Nostalgia is tricky business. In megacities like Kuala Lumpur where development is king and the purpose of land is largely determined by dollars and cents, old buildings are rapidly torn down in place of the shiny and new.
The city’s history began in the middle of the 19th century with a thriving tin-mining industry. Chinese headmen were appointed by the British as Kapitans (or captains) to ensure law and order. The third, Yap Ah Loy, oversaw the golden rise of Kuala Lumpur from quiet town to Selangor’s most advanced city. As it survived the course of history, Kuala Lumpur has flourished organically, most of it without any central planning, resulting in a charming mix of architecture reflecting both its European colonial and Chinese influences.
While old buildings carry memories and scars of yesteryear, mindfulness and care in restoration and preservation work is integral to protect the soul of a place. Concorde Hotel Kuala Lumpur for example, manages to balance its modern façade with a touch of history. Previously known as the Merlin Hotel from 1957 till 1990, the hotel is an icon in central Kuala Lumpur where generations have dined in its ‘Dragon Court’ Chinese Restaurant (now known as XIN Cuisine).
In celebration of its heritage, Concorde Hotel Kuala Lumpur has preserved a magnificent pair of dragon pillars located in XIN Cuisine, original tiles on the 8th floor, which were manufactured in 1957, and a classic brick walkway with the Merlin Hotel initials (MH) in front of the swimming pool.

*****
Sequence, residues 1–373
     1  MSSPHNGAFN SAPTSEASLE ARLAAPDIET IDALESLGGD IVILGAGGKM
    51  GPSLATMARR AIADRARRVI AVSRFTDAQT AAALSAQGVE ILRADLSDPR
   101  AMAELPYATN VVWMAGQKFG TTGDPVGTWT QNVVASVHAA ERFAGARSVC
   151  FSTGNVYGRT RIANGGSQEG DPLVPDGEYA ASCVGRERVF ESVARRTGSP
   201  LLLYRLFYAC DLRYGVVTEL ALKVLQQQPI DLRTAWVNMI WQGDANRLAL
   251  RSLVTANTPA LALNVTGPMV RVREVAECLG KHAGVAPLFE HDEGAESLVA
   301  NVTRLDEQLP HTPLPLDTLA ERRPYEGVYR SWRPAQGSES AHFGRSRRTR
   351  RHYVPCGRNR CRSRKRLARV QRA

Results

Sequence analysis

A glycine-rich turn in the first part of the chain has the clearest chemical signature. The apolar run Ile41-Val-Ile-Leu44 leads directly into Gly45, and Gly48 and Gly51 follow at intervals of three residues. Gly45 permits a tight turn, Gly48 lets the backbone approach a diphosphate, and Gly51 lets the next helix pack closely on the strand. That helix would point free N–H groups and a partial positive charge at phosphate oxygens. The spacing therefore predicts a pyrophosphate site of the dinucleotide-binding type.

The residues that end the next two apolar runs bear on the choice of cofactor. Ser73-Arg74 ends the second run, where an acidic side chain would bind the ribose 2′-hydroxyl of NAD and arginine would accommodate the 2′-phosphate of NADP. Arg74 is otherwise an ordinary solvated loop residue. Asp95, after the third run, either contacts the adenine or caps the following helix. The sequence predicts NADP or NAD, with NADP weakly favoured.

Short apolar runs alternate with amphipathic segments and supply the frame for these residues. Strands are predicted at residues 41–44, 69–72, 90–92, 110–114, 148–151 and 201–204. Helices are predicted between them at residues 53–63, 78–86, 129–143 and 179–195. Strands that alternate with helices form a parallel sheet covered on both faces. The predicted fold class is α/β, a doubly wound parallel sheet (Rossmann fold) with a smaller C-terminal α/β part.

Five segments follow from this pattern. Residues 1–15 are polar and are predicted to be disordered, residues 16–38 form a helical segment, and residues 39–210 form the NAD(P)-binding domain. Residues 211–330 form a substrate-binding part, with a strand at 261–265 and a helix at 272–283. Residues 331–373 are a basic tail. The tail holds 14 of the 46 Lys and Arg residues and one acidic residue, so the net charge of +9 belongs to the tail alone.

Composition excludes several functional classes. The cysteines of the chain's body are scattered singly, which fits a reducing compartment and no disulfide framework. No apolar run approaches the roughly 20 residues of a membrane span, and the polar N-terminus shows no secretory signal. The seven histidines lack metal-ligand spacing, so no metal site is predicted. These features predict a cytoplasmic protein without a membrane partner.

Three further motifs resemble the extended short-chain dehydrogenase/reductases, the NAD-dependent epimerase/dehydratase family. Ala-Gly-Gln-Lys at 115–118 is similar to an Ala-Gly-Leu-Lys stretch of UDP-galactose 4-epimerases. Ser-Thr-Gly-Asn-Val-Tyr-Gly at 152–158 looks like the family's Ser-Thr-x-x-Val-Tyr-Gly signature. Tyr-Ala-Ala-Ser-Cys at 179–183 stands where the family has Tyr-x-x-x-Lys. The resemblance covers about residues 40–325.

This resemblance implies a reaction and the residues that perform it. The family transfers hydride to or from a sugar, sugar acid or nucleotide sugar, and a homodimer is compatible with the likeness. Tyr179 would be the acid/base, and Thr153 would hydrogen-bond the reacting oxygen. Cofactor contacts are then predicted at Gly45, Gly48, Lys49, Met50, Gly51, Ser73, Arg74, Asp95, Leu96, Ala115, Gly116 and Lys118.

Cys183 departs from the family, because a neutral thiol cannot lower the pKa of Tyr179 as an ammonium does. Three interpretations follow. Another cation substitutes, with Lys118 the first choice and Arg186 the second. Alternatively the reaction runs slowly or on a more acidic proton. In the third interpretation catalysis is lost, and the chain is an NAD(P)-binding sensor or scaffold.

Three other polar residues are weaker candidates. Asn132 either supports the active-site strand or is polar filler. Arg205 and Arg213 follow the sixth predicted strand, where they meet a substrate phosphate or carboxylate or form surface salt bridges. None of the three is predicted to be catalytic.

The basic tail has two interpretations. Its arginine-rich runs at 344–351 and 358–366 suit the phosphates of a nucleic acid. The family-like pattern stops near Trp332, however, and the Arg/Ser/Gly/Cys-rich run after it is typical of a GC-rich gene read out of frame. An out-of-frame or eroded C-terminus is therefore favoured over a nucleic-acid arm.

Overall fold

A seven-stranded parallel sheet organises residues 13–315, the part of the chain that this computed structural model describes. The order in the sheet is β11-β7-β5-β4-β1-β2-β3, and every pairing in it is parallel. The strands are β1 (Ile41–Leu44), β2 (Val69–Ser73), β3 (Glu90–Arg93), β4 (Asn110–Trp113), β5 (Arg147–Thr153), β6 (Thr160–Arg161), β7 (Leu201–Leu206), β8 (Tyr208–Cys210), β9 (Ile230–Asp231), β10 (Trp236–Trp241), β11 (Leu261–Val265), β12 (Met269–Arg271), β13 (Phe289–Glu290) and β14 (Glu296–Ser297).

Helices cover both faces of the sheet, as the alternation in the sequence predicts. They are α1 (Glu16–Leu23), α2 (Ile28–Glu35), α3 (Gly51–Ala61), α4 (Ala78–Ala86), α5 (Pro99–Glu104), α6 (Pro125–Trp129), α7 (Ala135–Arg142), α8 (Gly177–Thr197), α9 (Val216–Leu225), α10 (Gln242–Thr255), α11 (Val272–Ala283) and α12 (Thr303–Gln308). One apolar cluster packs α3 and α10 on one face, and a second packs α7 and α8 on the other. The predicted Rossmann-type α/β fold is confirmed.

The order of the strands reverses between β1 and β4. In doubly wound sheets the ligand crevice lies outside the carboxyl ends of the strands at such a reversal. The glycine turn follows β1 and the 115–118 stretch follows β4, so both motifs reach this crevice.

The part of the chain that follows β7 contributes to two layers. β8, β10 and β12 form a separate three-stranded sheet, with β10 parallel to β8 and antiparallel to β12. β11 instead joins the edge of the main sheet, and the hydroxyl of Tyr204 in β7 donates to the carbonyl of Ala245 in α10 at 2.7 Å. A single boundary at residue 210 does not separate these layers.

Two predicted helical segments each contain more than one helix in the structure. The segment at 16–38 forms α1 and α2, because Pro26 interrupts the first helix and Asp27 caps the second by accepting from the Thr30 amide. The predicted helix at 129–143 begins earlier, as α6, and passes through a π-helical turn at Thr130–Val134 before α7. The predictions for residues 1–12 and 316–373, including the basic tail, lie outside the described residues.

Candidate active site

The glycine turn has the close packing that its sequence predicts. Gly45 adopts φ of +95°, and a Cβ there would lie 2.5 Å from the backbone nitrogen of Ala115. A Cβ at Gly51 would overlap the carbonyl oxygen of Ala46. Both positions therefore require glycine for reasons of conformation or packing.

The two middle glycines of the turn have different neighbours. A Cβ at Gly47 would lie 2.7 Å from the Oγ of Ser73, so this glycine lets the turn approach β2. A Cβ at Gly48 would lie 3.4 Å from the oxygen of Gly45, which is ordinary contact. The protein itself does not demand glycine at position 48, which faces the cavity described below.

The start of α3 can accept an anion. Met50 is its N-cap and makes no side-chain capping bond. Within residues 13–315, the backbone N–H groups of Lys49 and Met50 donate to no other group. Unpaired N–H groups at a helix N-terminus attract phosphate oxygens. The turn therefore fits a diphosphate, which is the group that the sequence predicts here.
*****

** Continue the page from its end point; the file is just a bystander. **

For Miss Tee Chai Wai, 57, who manages housekeeping at Concorde Hotel Kuala Lumpur, coming to work every day is like taking a walk down memory lane. She first started working at Merlin Hotel more than 30 years ago and progressed from chambermaid to a supervisor who oversees more than 100 staff.
“I love it here because we are like family,” she says. “There is a strong sense of belonging because everyone puts their heart into their work and over so many years we become more than just colleagues.”
Ms Chow Jie Jing, 27, remembers following her parents to work in the Chinese restaurant kitchen, where they were dim sum chefs. Today, while her sister works at XIN cuisine, Jie Jing is a marketing communications executive at Concorde Hotel Kuala Lumpur. “Memories make a place significant for me,” she says. “Especially when it bonds my family together.”
The hotel is also a short walk away from Saloma Bistro & Theatre restaurant, named after the famous Saloma Ismail, a Malaysian film actress and singer who was wife of P Ramlee, the icon of Malay entertainment in the region. The place serves a popular dinner banquet buffet every night with a cultural performance.
Concorde Hotel Kuala Lumpur
2 Jalan Sultan Ismail
Mon to Sat: 11.30am to 2.30pm & 6.30pm to 11pm
Sun and PH: 9am to 2.30pm & 6.30pm to 11pm
Saloma Bistro & Theatre
139 Pusat Pelancongan Malaysia (MaTiC) Jalan Ampang
11am to 12pm, daily
Located in the heart of the CityVisit Hotel Website